Arousal and Sleep
Athletes’ sleep quality may be affected by a variety of factors such as nutrition statuses (Halson, 2014), religious activities (Herrera, 2012), training schedules (Sargent et al., 2014), training volumes (Li et al., 2017), and arousal levels (Kinsman et al., 2005). The issue of arousal, in particular, is a direct factor that can be dealt with through psychological strategies like mindfulness, and is therefore singled out for investigation here. To this end, arousal concerns the wide-ranging physiological and psychological activation of the body systems, which is important for regulating behavioral outcomes consciousness, information processing, and attention (Easterbrook, 1959). Early works, such as the one by Broughton (1968), had emphasized the need to examine the link between arousal and sleep. Other works also suggest that excessive arousal is likely to impair sleep quality (Nédélec et al., 2015). For example, training prior to sleep could heighten arousal and thereby affect sleep (Fullagar et al., 2015). These discussions illustrate the relevance of arousal regulation in relation to sleep issues.
Understandably, athletes’ arousal levels are elevated during physical training as their neural systems are stimulated by training stressors (Brisswalter et al., 2002). Further, their pre-sleep arousal is more likely to remain high if the compartment time between sleep and the completion of moderate intensity of training is less than 3 h (Higashiura et al., 2009). For athletes participating in high-intensity exercise, a compartment time of more than 3 h is needed to allow their arousal to return back to a lower level for sleep. Thus, the issue associated with arousal and sleep is particularly pertinent to how night training may affect sleep because in practice athletes’ bedtime is usually within 3 h of their night training (Robey et al., 2014). Here, if the compartment time is too short, night training may cause sleep problems due to high pre-sleep arousal level (Morin et al., 1999; Souissi et al., 2012). Effective interventions are therefore necessary to help athletes decrease arousal levels prior to sleep, and hopefully lead to alleviation of potential sleep problems.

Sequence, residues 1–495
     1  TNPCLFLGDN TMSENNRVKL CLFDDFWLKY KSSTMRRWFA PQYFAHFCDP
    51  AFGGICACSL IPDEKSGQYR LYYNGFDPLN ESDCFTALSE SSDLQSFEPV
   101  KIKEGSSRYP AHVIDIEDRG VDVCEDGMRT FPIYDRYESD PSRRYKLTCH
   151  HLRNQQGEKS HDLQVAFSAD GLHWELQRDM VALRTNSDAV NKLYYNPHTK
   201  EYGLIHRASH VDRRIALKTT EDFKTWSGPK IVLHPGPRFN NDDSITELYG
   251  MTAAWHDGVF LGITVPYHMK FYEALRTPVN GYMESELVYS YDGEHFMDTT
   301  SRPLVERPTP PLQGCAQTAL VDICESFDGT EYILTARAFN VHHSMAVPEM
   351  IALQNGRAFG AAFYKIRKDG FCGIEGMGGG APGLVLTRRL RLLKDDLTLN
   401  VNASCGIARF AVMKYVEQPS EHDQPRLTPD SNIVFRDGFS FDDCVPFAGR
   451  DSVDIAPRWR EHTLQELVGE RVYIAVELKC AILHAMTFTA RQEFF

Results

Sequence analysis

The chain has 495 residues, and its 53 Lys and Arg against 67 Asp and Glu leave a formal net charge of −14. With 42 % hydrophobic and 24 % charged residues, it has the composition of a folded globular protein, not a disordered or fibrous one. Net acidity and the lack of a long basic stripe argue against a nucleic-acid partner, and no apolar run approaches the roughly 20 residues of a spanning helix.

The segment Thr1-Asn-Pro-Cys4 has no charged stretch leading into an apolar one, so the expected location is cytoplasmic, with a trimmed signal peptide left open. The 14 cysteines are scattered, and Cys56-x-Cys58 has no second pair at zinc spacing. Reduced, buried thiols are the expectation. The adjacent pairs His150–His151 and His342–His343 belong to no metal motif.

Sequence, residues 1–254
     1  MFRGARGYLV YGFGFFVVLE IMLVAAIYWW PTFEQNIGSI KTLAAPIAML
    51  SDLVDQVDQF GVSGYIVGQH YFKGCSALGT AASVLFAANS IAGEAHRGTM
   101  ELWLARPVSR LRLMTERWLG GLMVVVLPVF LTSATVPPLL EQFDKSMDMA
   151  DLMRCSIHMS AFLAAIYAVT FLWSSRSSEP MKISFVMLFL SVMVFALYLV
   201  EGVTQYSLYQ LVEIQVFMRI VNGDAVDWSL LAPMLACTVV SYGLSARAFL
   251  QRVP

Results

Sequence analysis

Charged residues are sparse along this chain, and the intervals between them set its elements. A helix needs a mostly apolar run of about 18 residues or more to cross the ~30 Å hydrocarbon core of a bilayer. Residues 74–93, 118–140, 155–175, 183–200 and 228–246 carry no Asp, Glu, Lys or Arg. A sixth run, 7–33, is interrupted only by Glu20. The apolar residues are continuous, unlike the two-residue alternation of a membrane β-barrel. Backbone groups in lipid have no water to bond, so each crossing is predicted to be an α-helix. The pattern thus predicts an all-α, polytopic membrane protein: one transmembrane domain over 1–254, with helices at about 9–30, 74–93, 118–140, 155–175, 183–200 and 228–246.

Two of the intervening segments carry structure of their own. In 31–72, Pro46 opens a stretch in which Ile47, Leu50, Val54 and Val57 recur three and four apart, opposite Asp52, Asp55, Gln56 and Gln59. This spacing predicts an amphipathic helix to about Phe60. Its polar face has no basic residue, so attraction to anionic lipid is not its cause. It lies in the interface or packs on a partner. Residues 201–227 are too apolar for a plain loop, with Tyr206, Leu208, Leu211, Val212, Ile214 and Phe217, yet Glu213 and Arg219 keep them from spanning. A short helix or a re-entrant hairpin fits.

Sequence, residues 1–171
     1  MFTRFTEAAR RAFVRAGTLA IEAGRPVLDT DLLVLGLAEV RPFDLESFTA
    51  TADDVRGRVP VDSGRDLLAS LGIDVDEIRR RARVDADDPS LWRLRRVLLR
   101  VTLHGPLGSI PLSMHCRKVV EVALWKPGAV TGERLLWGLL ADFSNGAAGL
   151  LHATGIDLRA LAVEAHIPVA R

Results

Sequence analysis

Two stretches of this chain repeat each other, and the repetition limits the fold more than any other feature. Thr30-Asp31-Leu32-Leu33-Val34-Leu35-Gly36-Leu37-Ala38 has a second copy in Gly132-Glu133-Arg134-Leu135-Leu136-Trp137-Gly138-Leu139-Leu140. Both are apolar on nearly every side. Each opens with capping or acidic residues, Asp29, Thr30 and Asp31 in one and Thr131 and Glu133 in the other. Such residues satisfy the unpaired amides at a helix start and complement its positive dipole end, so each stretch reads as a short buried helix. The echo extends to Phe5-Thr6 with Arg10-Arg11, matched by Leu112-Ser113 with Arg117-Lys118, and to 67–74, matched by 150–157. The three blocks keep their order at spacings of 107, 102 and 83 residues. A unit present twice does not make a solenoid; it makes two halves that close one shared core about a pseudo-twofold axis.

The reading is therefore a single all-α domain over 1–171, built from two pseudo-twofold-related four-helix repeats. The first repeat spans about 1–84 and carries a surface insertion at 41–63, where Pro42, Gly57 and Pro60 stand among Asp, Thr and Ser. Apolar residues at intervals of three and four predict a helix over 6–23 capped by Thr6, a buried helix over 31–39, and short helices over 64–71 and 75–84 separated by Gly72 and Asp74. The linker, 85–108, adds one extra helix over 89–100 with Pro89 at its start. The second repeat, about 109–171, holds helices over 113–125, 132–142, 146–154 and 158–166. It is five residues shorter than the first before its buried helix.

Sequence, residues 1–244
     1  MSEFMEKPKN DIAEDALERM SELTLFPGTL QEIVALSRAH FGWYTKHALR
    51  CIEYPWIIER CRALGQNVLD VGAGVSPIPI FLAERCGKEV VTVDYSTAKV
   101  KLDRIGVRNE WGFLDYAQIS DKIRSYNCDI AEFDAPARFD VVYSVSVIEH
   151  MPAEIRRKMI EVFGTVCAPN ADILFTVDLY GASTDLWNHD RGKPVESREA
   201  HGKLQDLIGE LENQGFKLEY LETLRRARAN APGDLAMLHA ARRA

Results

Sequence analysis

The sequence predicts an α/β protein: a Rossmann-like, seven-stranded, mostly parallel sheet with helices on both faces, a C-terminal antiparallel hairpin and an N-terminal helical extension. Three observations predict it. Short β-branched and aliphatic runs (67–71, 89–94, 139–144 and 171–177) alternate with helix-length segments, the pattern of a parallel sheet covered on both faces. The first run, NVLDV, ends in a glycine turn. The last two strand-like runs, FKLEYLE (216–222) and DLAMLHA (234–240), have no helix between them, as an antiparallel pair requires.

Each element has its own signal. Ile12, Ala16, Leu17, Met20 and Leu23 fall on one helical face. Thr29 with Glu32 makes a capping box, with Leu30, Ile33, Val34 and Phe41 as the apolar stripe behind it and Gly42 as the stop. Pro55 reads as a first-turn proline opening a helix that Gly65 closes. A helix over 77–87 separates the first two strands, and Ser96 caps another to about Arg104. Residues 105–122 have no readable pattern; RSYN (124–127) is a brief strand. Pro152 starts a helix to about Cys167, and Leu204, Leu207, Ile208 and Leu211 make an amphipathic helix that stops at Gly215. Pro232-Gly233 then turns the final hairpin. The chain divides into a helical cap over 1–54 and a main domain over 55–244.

The possibility of down regulating one’s arousal (relaxation) through mindfulness-related strategies (e.g., Ilan et al., 1985) led us to consider the applicability of brief mindfulness intervention (specifically focused attention toward one’s breathe) for sleep improvement. In particular, focusing attention to one’s breathe as a mindfulness practice has been shown to elicit lower heart rate and reported effort compared to loving kindness meditations and observing thoughts meditations (Lumma et al., 2015, 2017). Amihai and Kozhevnikov (2014) also reported that focused (Theravada) and distributed (Vipassana) attention meditations led to increased parasympathetic activation, which can inferred as lowered arousal states. Overall, paying attention to a predefined target continually as a practice seems to be useful for eliciting a relaxed state, and it is with this understanding that we set out to test the effects of attention-based mindfulness intervention on sleep in this study.
Mindfulness and Sleep Quality